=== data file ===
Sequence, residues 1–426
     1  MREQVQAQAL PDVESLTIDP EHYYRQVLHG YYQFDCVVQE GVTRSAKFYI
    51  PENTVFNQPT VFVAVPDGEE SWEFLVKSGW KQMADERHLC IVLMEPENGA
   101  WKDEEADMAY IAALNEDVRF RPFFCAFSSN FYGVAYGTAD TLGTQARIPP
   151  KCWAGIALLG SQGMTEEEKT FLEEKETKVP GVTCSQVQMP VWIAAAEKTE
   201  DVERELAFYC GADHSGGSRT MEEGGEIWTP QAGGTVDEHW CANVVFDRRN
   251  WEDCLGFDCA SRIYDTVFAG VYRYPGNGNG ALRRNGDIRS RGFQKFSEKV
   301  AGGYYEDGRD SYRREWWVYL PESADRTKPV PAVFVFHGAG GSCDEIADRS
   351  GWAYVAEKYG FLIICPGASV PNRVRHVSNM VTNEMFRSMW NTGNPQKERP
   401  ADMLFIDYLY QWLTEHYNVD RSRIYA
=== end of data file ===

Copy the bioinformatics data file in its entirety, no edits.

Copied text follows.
Sequence, residues 1–426
     1  MREQVQAQAL PDVESLTIDP EHYYRQVLHG YYQFDCVVQE GVTRSAKFYI
    51  PENTVFNQPT VFVAVPDGEE SWEFLVKSGW KQMADERHLC IVLMEPENGA
   101  WKDEEADMAY IAALNEDVRF RPFFCAFSSN FYGVAYGTAD TLGTQARIPP
   151  KCWAGIALLG SQGMTEEEKT FLEEKETKVP GVTCSQVQMP VWIAAAEKTE
   201  DVERELAFYC GADHSGGSRT MEEGGEIWTP QAGGTVDEHW CANVVFDRRN
   251  WEDCLGFDCA SRIYDTVFAG VYRYPGNGNG ALRRNGDIRS RGFQKFSEKV
   301  AGGYYEDGRD SYRREWWVYL PESADRTKPV PAVFVFHGAG GSCDEIADRS
   351  GWAYVAEKYG FLIICPGASV PNRVRHVSNM VTNEMFRSMW NTGNPQKERP
   401  ADMLFIDYLY QWLTEHYNVD RSRIYA